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Lawmaker Accuses Constituents Of Hate Speech For Protesting Drag Queen Story Hour

State Sen. Andrew Gounardes claims that people protesting drag queens reading stories to five-year-olds is ‘hate speech.’ It’s absurd and he should apologize.


New York State Sen. Andrew Gounardes took to Twitter today to accuse some his constituents of engaging in “hate speech.” The target of his smear was a group of concerned citizens in Brooklyn’s, Gerritsen Beach neighborhood who objected to their local library hosting Drag Queen Story Hour, an international organization dedicated to having drag queens tell stories to children.

According a report in the Brooklyn Eagle, the leader of the protest is a father whose first name is Tag but declined to give his last name for fairly obvious reasons, not the least of which is that elected officials might accuse him of “hate speech.” He told the Eagle, “We’re talking about babies who can’t even grab the concept yet that they are boys or girls, never mind gender fluidity. A gender now is what we used to call a personality. Our children should be able to grow up and come to these decisions on their own just like everybody else.”

The event apparently was to include children younger than five years old. Outside the library today, small groups of protestors and counter protesters gathered and exchanged barbs. Although one might expect Brooklyn to welcome the drag queen story hour, there is more than one Brooklyn. Gerritsen Beach is not a hipster hood or full of pram-pushing, Volvo-driving Bernie supporters. It is a fairly conservative, working-class neighborhood.

Drag Queen Story Hour has been the subject of a rather heated debate among conservatives of late. It sparked the spat between The New York Post’s Sohrab Ahmari and National Review’s David French about how forcefully conservatives should attack and work to stop this kind of indoctrination of children. I think we can count these protesters in Gerritsen Beach as team Sohrab.

The way Gounardes chose to respond to the controversy says an awful lot about the debate within conservatism and the broader question of how kids should be exposed to the trans movement. By accusing the protestors of “hate speech,” Gounardes wasn’t just saying he disagreed with them. He also wasn’t just saying their concerns were groundless. He was saying that their concerns are so transgressive and offensive as to have no place in our discourse at all.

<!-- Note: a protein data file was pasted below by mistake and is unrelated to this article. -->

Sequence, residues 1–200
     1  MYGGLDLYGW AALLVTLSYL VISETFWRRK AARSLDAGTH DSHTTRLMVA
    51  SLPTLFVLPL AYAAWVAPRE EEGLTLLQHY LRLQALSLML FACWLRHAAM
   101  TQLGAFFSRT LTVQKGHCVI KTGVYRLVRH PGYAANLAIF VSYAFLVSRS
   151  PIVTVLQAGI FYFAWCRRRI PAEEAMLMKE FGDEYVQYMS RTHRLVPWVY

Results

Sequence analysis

This is entirely unacceptable, and it speaks to why so many conservatives agree with Ahmari that we need to attack head-on not only the sexualization of children’s spaces, but an illiberal left that claims even bringing up the issue is hate speech. This is not a situation where we should respect all sides. Gounardes is slandering citizens with quite valid concerns about what their children are being exposed to in public libraries.

The trans movement and progressive politicians have invented out of whole cloth the idea that there is some consensus over whether men can become women or whether children should be exposed to drag queens. There is not. Nobody outside of the elites in the media, academia, and politics ever agreed to any of this, and people aren’t just going to accept it all out of fear of absurdly being accused of bigotry or hate speech.

The protestors are doing exactly what they are supposed to do: peaceably assembling to let their local government know they do not approve of its actions. Gounardes’ shameful attempt to paint them as bigots involved in hate speech is not only dishonest, it is incredibly dismissive of valid concerns expressed by his constituents. He should apologize to the protesters first, then sit down to hear their concerns.

On the whole, we should view today’s protests as a good development. Citizens are refusing to be silenced (even if they aren’t comfortable using their last names) in the face of a culture that is trying to lurch dangerously toward the libertine left without their consent or approval. If that can happen in Brooklyn, folks, it can happen anywhere.